Victim's Rights Amendment Qualifies For Montana Ballot
Crime victims would get expanded rights under a constitutional amendment that qualified for the Montana ballot today.
What’s known as “Marsy’s Law” would require authorities to inform victims or their families of key developments related to their perpetrators, like when they might be let out of jail. Victims would also get input on those developments.
Charles Denowh is working with a national organization that is advocating for laws like this across the country. Denowh says Montana is one of 18 states that does not have constitutional-level protection for crime victims.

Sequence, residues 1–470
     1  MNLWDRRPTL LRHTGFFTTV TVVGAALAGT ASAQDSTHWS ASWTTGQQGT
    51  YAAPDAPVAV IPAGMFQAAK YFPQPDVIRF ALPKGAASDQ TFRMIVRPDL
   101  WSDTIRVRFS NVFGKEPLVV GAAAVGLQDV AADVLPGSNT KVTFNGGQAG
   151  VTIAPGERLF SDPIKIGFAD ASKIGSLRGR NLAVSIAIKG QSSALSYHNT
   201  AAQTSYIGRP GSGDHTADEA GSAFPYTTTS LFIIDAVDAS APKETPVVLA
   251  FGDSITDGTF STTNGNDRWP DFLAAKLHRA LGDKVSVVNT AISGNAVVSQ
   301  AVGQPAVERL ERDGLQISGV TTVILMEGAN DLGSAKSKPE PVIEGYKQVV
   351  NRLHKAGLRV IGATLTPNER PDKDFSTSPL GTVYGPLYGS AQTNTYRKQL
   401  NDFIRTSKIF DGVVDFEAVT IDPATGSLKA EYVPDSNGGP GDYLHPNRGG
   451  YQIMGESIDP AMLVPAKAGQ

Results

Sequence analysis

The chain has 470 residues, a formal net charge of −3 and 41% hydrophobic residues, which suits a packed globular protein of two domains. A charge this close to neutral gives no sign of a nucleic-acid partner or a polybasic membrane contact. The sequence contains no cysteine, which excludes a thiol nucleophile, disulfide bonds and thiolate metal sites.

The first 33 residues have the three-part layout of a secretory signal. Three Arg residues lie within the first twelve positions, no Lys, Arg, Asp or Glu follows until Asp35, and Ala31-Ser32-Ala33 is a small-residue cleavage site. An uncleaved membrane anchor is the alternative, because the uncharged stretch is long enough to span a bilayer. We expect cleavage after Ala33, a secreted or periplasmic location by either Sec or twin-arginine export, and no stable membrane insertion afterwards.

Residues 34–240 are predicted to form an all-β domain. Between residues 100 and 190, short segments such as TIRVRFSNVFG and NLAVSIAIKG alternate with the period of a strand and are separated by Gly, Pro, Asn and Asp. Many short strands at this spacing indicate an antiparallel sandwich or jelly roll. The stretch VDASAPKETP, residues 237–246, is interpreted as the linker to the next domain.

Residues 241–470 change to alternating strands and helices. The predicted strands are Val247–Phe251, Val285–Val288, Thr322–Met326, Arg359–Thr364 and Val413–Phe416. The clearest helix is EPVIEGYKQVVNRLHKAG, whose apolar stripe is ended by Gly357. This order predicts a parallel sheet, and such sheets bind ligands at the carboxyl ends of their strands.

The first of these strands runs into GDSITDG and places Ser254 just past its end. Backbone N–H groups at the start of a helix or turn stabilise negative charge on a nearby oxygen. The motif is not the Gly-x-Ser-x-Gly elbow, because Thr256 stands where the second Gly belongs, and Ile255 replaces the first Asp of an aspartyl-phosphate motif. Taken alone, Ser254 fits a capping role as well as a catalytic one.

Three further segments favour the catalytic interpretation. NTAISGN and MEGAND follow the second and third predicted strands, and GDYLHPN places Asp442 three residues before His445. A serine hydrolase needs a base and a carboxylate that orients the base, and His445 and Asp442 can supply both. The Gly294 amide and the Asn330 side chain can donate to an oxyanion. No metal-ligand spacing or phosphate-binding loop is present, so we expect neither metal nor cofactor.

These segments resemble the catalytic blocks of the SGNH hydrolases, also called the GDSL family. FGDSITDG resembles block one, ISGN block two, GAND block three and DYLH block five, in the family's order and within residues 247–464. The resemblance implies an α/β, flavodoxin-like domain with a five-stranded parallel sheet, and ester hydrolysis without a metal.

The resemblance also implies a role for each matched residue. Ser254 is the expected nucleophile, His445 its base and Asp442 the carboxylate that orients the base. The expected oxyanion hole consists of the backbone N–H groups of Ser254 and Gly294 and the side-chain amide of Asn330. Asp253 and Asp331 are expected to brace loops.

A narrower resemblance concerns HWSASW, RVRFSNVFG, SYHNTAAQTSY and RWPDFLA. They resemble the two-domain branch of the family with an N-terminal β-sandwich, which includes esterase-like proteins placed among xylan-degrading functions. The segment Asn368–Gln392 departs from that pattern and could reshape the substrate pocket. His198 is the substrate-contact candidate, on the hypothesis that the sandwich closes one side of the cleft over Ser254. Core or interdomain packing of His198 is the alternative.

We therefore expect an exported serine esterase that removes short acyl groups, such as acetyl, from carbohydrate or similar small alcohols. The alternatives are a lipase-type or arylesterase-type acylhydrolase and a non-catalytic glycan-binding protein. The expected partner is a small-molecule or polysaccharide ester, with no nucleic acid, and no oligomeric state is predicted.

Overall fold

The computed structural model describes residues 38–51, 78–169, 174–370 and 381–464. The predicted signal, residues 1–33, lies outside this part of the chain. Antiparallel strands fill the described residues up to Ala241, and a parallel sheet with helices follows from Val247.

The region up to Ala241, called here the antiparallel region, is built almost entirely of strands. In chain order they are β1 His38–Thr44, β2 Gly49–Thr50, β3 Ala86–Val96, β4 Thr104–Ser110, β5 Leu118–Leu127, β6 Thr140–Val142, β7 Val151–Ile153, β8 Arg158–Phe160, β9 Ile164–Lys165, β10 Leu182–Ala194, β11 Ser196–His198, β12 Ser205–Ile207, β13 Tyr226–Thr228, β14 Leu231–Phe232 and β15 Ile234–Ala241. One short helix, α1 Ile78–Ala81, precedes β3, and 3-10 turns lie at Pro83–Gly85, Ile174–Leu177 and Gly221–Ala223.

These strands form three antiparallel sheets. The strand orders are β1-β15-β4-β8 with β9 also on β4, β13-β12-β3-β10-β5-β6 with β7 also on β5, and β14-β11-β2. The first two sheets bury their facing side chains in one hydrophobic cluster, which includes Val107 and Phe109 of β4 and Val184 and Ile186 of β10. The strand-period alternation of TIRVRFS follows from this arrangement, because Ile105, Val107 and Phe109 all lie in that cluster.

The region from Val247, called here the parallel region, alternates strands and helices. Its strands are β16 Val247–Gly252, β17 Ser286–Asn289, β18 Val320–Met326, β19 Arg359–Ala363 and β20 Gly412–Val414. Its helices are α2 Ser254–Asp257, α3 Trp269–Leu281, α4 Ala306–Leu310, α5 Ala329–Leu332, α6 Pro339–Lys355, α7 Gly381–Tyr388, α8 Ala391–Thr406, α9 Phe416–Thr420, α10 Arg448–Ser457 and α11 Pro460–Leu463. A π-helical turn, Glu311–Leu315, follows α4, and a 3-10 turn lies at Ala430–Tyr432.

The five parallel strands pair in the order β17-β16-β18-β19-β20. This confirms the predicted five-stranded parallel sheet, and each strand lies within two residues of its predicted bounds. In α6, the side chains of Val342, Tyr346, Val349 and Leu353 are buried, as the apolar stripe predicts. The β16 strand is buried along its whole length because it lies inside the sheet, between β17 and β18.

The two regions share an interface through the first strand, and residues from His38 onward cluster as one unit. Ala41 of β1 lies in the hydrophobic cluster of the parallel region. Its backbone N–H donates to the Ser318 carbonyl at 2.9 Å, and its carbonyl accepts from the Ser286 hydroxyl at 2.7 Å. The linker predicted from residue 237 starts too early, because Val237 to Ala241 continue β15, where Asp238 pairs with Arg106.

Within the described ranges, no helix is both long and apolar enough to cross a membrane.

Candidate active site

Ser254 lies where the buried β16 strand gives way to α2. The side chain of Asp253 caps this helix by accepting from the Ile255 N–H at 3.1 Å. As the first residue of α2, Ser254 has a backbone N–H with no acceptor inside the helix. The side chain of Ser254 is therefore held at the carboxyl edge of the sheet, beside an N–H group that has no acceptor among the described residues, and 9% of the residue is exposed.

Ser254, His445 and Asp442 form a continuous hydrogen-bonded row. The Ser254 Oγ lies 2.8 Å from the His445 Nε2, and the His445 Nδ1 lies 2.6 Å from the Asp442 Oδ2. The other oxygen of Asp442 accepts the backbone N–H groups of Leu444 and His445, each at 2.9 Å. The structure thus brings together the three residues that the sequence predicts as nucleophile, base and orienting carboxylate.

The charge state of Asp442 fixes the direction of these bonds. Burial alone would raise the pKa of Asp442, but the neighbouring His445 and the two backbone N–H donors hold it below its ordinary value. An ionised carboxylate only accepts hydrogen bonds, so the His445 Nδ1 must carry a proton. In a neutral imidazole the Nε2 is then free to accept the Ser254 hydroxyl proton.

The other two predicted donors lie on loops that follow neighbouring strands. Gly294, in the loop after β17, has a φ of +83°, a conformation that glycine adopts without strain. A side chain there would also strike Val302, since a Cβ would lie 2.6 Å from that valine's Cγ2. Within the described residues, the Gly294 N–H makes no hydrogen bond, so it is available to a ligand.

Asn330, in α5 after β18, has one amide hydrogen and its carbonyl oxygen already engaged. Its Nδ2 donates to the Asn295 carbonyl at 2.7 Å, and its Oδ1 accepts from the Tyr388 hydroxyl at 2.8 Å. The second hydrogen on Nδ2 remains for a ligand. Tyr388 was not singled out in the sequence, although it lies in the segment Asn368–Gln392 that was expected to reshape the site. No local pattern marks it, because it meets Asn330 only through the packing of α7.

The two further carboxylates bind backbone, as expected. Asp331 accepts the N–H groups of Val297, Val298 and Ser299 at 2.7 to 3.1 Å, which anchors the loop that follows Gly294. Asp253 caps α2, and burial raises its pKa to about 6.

“Many people know now that victims of crimes do not have constitutional rights, similar to the rights of those accused of crimes or convicted of crimes have."
Secretary of State officials say the citizen’s initiative for Marsy’s Law has qualified for the ballot this fall. That required gathering more than 45,000 signatures from 40 legislative districts.